Public airs concerns over Region 16 school project

An artistic rendering of the proposed new elementary school in Prospect. CONTRIBUTED

BEACON FALLS — Financial concerns dominated much of the talk after Region 16 schools officials presented their plan for a three-part, multi-million school building project to the public.

“You’re playing with fire in this economy,” said Beacon Falls resident Joe Pavlik during a public hearing on the project Nov. 16 at Woodland Regional High School.

The project consists of building a new elementary school in Prospect to replace Community and Algonquin schools, major renovations to Laurel Ledge Elementary School in Beacon Falls, and turning Algonquin School into the new district office.

The total cost of the project is estimated at $46.7 million. The district is expected to be reimbursed for 68 percent of the costs by the state, leaving Prospect and Beacon Falls to cover roughly $19.7 million. The cost will be divided between the towns using the same ratio as the school budget with Prospect covering about 60 percent and Beacon Falls about 40 percent. Prospect’s share is estimated at $11.8 million, leaving Beacon Falls to pay for the remaining $7.9 million.

According to figures presented at the hearing and based on grand lists as of October, the project is estimated to increase the mill rate by 1.28 mills or about $127 for a house valued at $100,000 for both towns.

Several of the roughly three dozen people who turned out for the hearing raised concerns over the state potentially lowering its reimbursement for the project.

“I think you’re taking a chance on the reimbursement,” former First Selectman Susan Cable said.

There’s no guarantee that the 68 percent reimbursement rate will be the same by the time the school district submits the necessary paperwork to the state late next spring.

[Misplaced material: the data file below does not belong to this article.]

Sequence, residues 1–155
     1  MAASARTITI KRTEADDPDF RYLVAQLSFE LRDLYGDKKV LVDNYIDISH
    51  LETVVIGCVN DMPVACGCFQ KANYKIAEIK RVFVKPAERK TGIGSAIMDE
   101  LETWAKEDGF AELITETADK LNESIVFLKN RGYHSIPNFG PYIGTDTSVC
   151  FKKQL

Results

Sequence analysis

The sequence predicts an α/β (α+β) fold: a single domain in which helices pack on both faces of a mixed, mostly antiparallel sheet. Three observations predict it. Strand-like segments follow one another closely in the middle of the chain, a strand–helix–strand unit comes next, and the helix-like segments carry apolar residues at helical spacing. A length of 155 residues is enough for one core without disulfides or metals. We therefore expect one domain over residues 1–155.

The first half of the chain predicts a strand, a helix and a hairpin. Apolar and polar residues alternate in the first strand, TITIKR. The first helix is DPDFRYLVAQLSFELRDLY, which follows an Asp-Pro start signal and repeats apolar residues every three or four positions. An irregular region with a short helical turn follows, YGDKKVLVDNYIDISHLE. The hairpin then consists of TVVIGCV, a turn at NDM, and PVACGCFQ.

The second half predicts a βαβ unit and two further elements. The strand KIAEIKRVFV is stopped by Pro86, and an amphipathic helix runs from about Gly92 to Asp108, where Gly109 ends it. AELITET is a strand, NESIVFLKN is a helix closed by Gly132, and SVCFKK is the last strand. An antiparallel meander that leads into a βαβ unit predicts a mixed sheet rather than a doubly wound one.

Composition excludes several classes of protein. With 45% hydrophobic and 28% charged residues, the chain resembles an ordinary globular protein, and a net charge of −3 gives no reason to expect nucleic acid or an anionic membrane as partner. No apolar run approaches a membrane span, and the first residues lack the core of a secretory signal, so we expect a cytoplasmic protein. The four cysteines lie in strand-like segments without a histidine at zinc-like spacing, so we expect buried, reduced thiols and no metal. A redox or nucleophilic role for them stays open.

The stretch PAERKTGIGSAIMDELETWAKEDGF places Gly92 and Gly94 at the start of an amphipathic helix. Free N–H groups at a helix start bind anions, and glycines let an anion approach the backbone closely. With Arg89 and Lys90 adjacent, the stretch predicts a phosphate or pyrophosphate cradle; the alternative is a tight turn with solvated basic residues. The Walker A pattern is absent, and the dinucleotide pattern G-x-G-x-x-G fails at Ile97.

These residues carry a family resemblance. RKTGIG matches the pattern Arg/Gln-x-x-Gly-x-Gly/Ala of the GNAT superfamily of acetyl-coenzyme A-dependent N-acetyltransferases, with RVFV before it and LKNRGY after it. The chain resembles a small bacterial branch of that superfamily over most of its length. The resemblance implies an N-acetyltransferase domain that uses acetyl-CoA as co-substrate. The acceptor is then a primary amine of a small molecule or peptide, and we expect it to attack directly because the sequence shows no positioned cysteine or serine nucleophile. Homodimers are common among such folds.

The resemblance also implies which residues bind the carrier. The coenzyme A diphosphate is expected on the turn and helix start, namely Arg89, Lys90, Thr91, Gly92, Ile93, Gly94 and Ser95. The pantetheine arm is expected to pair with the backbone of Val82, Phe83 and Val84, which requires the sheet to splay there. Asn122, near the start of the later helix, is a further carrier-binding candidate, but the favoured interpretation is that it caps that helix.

The project is set to go to a referendum on Dec. 20, prior to the legislature’s next regular session. The possibility exists that the legislature could change how it calculates reimbursement on school projects. If the project passes in December and the state lowers its reimbursement to the district after it has passed, the towns could be left to make up the difference.

“That’s where the concern is here,” Cable said.

While some were apprehensive about moving forward, Superintendent of Schools James Agostine contended that now is the time to strike.

He was confident that in a couple of years the state will be dropping its reimbursement levels on school projects. Agostine felt the expectation of reduced reimbursement in the future coupled with low construction costs and a low bond rate of 1.5 percent made now the best time for this project.

“The time is now,” he said. “The time is now because the state is clearly going to renege on the reimbursement rates in the next couple of years.”

Not everyone viewed the matter in the same light as Agostine.

“I’m looking at the glass half empty,” Pavlik said. “We’re still in a very depressed economy.”

The driving factors behind the project are a number of problems with Algonquin, Community, and Laurel Ledge schools.

Algonquin, which was built about 60 years ago, has no gym or media center. There are moisture problems at Community School, which recently celebrated its 75th anniversary. Community School’s roof also needs to be replaced, according to school officials.

Aside from the physical problems at Algonquin and Community schools, Agostine said the largest problem is that the district can’t house all of the elementary school students in Prospect in one school.

“The worst part of the problem is we have a fractured school community,” Agostine said.

An artistic rendering of what the courtyard at Laurel Ledge Elementary School in Beacon Falls could look like after renovations. CONTRIBUTED